Pick Topic
Review Topic
List Experts
Examine Expert
Save Expert
  Site Guide ··   
Alzheimer Disease: HELP
Articles by John S. Lazo
Based on 2 articles published since 2010
(Why 2 articles?)
||||

Between 2010 and 2020, John S. Lazo wrote the following 2 articles about Alzheimer Disease.
 
+ Citations + Abstracts
1 Review Aberrant Neuronal Cell Cycle Re-Entry: The Pathological Confluence of Alzheimer's Disease and Brain Insulin Resistance, and Its Relation to Cancer. 2019

Koseoglu, Mehmet Murat / Norambuena, Andrés / Sharlow, Elizabeth R / Lazo, John S / Bloom, George S. ·Department of Pharmacology, University of Virginia, Charlottesville, VA, USA. · Department of Biology, University of Virginia, Charlottesville, VA, USA. · Department of Chemistry, University of Virginia, Charlottesville, VA, USA. · Department of Biochemistry and Molecular Genetics, University of Virginia, Charlottesville, VA, USA. · Department of Cell Biology, University of Virginia, Charlottesville, VA, USA. · Department of Neuroscience, University of Virginia, Charlottesville, VA, USA. ·J Alzheimers Dis · Pubmed #30452418.

ABSTRACT: Aberrant neuronal cell cycle re-entry (CCR) is a phenomenon that precedes and may mechanistically lead to a majority of the neuronal loss observed in Alzheimer's disease (AD). Recent developments concerning the regulation of aberrant neuronal CCR in AD suggest that there are potential intracellular signaling "hotspots" in AD, cancer, and brain insulin resistance, the latter of which is characteristically associated with AD. Critically, these common signaling nodes across different human diseases may represent currently untapped therapeutic opportunities for AD. Specifically, repurposing of existing US Food and Drug Administration-approved pharmacological agents, including experimental therapeutics that target the cell cycle in cancer, may be an innovative avenue for future AD-directed drug discovery and development. In this review we discuss overlapping aspects of AD, cancer, and brain insulin resistance from the perspective of neuronal CCR, and consider strategies to exploit them for prevention or therapeutic intervention of AD.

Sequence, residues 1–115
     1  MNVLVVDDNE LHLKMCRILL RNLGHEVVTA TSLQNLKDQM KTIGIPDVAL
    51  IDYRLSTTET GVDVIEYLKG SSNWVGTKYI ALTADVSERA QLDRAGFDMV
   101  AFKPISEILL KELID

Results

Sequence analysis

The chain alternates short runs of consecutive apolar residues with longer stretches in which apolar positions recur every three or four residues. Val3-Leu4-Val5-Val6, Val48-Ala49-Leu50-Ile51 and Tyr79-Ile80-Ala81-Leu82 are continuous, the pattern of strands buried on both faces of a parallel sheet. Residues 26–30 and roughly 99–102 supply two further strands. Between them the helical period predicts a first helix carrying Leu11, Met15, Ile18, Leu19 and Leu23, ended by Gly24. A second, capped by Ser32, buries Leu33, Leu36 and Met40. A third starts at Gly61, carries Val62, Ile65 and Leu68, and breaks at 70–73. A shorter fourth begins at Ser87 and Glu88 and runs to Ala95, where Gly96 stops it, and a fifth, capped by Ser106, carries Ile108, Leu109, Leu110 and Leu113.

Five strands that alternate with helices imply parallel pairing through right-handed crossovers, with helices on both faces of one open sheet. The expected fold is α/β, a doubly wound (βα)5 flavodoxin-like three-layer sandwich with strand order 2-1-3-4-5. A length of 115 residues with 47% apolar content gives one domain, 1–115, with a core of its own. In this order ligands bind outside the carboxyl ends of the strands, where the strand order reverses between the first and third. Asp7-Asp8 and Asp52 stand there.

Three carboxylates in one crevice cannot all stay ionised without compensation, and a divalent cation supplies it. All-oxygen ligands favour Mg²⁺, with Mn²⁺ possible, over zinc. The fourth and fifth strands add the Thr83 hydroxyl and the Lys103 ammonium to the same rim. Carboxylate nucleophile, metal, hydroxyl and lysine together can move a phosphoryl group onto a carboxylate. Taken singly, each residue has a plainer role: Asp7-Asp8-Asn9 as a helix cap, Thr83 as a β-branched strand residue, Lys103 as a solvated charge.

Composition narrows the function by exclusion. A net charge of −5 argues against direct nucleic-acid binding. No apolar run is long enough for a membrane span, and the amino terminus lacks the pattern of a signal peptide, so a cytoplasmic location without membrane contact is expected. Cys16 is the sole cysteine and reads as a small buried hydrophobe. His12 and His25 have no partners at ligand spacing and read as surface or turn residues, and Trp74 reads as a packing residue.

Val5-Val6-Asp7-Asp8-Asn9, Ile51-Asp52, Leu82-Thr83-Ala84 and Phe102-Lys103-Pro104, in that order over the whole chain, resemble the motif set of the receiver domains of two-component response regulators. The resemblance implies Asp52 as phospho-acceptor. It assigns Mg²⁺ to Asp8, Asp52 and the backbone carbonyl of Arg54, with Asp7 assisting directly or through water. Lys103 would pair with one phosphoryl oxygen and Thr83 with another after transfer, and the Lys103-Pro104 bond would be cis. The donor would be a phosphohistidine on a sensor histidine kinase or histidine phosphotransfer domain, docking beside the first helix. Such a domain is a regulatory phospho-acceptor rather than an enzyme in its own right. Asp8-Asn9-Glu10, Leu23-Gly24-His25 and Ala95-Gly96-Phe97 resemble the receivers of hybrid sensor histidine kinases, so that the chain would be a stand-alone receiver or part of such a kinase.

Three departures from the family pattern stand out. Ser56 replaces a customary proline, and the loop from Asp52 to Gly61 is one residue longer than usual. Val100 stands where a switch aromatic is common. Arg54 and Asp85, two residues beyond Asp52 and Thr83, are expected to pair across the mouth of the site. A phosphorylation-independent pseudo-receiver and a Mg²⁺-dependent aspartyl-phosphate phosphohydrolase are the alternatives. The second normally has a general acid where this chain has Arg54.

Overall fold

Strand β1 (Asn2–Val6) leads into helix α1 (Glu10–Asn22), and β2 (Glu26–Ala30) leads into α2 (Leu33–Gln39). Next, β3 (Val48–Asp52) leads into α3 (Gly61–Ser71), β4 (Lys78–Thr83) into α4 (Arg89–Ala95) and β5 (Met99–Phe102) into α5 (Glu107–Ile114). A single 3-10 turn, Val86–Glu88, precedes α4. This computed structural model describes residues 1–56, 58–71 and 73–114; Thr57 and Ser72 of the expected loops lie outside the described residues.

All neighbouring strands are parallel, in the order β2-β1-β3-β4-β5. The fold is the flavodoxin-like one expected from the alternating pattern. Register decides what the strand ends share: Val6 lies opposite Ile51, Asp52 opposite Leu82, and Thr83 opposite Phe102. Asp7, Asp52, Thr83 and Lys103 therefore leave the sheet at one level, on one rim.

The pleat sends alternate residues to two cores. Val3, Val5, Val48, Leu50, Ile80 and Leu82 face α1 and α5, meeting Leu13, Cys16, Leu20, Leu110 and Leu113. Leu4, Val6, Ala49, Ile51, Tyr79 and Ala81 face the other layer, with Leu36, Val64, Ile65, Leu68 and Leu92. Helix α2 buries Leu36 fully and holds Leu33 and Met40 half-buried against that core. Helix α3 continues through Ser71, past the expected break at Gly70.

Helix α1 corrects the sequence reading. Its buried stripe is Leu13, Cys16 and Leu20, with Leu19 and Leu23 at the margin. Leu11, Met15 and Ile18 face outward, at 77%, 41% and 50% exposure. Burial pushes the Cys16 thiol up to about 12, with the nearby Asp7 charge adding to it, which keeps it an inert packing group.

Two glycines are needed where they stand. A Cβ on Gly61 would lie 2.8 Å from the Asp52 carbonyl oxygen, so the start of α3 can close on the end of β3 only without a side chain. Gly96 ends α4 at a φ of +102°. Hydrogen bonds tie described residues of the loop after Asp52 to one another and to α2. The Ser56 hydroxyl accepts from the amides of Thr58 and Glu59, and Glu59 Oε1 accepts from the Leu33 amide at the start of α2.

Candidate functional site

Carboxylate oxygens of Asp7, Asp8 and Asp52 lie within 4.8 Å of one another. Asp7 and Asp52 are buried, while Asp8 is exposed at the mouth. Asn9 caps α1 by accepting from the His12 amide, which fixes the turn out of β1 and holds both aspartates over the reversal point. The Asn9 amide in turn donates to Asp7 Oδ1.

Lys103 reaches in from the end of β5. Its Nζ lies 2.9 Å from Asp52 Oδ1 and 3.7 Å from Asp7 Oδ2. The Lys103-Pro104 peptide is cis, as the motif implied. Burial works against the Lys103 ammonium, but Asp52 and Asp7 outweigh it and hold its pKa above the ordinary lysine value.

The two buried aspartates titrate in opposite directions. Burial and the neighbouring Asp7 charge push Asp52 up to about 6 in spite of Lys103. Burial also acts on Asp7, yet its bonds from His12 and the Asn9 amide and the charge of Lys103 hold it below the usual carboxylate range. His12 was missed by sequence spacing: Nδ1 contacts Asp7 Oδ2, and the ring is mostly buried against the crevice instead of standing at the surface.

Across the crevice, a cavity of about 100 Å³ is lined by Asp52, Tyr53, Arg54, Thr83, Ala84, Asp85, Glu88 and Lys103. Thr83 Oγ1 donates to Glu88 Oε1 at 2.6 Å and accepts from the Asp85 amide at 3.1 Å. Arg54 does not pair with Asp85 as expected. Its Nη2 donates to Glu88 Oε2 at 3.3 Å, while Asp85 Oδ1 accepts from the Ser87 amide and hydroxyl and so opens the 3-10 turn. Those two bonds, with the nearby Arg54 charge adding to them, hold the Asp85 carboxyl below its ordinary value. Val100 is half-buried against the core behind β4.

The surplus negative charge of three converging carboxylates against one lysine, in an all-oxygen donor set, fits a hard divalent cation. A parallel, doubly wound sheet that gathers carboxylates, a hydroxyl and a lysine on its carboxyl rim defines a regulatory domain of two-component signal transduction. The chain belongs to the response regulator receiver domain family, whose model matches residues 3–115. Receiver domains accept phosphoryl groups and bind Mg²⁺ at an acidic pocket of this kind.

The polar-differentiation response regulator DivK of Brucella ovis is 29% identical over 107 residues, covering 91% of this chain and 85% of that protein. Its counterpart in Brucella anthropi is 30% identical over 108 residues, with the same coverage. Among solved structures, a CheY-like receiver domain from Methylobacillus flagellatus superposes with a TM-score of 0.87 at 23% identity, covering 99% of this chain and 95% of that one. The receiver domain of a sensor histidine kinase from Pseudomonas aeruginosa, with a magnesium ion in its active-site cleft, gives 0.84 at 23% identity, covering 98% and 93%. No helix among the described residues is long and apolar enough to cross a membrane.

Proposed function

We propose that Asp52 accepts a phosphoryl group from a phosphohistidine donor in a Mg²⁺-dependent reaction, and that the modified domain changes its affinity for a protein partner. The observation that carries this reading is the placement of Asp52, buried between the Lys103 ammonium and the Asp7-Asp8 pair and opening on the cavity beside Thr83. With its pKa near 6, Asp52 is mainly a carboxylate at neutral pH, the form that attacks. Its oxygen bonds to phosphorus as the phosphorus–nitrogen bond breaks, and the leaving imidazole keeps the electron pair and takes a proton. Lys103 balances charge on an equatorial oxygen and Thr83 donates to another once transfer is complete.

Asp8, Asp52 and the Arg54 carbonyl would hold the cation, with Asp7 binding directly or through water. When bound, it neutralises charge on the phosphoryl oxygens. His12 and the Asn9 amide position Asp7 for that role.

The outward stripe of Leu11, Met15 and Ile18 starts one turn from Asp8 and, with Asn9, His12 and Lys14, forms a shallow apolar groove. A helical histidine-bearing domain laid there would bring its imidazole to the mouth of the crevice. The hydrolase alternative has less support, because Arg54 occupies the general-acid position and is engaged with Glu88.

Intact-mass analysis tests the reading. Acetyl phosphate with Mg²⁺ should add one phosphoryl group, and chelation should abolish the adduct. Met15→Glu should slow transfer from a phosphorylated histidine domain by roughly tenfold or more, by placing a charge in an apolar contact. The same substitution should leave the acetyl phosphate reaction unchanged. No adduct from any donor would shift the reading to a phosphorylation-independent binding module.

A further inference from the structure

2 Review Reduced brain insulin signaling: A seminal process in Alzheimer's disease pathogenesis. 2018

Bloom, George S / Lazo, John S / Norambuena, Andrés. ·Department of Biology, University of Virginia, Charlottesville, VA, USA; Department of Cell Biology, University of Virginia, Charlottesville, VA, USA; Department of Neuroscience, University of Virginia, Charlottesville, VA, USA. Electronic address: gsb4g@virginia.edu. · Department of Pharmacology, University of Virginia, Charlottesville, VA, USA; Department of Chemistry, University of Virginia, Charlottesville, VA, USA. · Department of Biology, University of Virginia, Charlottesville, VA, USA. ·Neuropharmacology · Pubmed #28965829.

ABSTRACT: The synaptic dysfunction and death of neurons that mediate memory and cognition account together for the behavioral symptoms of Alzheimer's disease (AD). Reduced insulin signaling in the brain is a hallmark of AD patients, even in the absence of systemic type 1 or type 2 diabetes, prompting some researchers to refer to AD as brain-specific, or type 3 diabetes. A key question that arises about this signature feature of AD is "how, if at all, does the brain's impaired ability to utilize insulin contribute to the behavioral deficits associated with AD?" The fact that type 2 diabetes is a risk factor for AD suggests a causative role for impaired insulin responsiveness in AD pathogenesis, but how that might occur at a detailed molecular level had been elusive. Here we review recent findings that mechanistically link soluble forms of amyloid-β (Aβ) and tau, the respective building blocks of the amyloid plaques and neurofibrillary tangles that accumulate in the brains of AD patients, with neuronal decline that is associated with poor insulin responsiveness and may begin long before AD symptoms become evident. We discuss how Aβ and tau work coordinately to deprive neurons of functionally accessible insulin receptors and dysregulate normal signaling by the protein kinase, mTOR. Finally, we suggest how newly gained knowledge about pathogenic signaling caused by reduced brain insulin signaling might be exploited for improved early detection and therapeutic intervention for AD. This article is part of the Special Issue entitled 'Metabolic Impairment as Risk Factors for Neurodegenerative Disorders.'